What Turnbull's $55m pledge means for Oakey residents
UPDATE: The Federal Government's $55 million funding package to support residents in towns with contaminated groundwater supplies from Defence bases includes the provision for more blood tests and mental health services.
Prime Minister Malcolm Turnbull this morning announced the government was investigating the potential human health, environment and ecological impacts of PFOA and PFOS in up to 18 towns across the country.
That includes Oakey whose residents this morning rallied outside the Oakey Army Aviation Centre gates to have their calls for support, and answers heard.
In a statement, Mr Turnbull said: "The Turnbull Coalition will invest $55 million from the existing Defence budget to manage, contain and remediate perfluorinated compounds contamination at Defence bases.
"This includes an epidemiological study that will look at potential patterns, causes and health effects in communities exposed to elevated levels of perfluorooctane sulfonate (PFOS) and perfluorooctanoic acid (PFOA)."
He said the package would fund a voluntary blood-testing program for residents in existing investigation areas, and establish dedicated mental health and counselling services.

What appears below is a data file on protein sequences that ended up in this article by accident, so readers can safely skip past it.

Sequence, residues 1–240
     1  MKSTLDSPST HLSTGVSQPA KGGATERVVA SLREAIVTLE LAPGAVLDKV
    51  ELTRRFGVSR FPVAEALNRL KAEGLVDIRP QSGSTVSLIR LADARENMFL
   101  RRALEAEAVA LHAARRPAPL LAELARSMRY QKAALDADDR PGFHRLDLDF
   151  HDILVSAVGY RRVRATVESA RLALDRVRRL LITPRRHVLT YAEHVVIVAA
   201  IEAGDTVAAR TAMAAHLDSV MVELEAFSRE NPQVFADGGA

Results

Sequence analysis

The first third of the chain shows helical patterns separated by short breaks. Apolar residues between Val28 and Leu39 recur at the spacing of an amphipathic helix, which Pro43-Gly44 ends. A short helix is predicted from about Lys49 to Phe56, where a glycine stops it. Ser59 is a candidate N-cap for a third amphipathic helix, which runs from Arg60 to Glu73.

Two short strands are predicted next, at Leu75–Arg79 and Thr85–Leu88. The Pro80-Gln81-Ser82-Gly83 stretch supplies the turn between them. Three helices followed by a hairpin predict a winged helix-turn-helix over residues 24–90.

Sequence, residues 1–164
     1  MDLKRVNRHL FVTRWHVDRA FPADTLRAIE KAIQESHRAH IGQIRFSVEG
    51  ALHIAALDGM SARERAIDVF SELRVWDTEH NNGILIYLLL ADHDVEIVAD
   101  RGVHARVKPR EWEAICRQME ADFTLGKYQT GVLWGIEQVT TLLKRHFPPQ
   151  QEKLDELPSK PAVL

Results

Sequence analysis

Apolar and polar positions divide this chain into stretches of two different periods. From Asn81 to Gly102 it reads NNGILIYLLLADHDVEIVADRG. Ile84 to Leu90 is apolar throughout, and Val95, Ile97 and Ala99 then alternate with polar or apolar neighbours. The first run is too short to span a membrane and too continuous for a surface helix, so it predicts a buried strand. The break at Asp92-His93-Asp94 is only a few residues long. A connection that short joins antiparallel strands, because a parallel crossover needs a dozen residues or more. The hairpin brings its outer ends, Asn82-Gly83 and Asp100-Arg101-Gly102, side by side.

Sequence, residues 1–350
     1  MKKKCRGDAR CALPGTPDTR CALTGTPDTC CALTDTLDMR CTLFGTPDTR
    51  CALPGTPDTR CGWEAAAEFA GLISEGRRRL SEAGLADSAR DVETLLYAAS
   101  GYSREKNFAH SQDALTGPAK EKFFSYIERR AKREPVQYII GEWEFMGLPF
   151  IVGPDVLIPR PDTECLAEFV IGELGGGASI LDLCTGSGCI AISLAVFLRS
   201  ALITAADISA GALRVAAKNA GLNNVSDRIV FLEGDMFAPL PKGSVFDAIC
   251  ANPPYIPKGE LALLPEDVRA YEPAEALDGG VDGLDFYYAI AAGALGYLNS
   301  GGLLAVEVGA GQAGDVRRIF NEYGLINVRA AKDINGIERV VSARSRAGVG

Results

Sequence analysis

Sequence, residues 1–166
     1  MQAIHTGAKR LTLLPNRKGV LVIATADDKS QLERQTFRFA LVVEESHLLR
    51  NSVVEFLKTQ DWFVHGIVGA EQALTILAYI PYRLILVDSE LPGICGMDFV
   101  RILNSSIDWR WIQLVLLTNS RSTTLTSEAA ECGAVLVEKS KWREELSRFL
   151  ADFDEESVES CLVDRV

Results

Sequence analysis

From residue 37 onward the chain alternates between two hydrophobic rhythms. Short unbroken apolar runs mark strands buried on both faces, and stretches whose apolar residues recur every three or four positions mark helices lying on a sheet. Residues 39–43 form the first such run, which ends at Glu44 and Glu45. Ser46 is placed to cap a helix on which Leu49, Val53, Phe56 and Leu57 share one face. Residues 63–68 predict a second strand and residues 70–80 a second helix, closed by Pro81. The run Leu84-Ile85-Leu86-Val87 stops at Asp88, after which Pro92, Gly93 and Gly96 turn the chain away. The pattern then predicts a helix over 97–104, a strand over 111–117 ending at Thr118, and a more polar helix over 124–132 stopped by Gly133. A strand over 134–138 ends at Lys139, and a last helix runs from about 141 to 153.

A dedicated community liaison officer position would also be funded to "connect residents with these services".
Mr Turnbull is expected to raise the contamination concerns with the Council of Australian Government with a view of forming a "consistent approach to managing potentially contaminated sites".
If elected, Federal Labor said it would commit $21 million towards an action plan to address contamination concerns, and would fund further blood tests and analyse the impacts of the chemicals.
8.10AM: A peaceful march to the gates of the Oakey Army Aviation Centre has delivered an iron-clad agreement that a signed letter will reach the one person residents feel has ignored them for years.
Oakey Training Centre Commandant Colonel Scott Benbow accepted the two-page document from Dr Eric Donaldson who led the march to the base gates this morning.
The letter, signed by the 30 residents at this morning's show of strength, called on the Federal Government and Minister for Defence Marise Payne to visit Oakey to hear concerns of the small number of affected residents.
"We sympathise with the community," Col. Benbow said.
"We have people on this base that live and obviously work here.
"We're certainly very interested that there is a good outcome for everybody.
"This letter will go to the Minister, I will guarantee you that."
The acceptance followed the 200m march of the residents, with banners, high-visibility vests and hand-written signs towards the base.
Dr Donaldson said the community had been fighting for two years for answers and while the groundwater contamination issues affected only a small number of residents, they deserved to be heard.
He said the march and intense publicity of the issue had been a last resort for the residents, and criticised the manner in which Senator Payne had dealt with their concerns.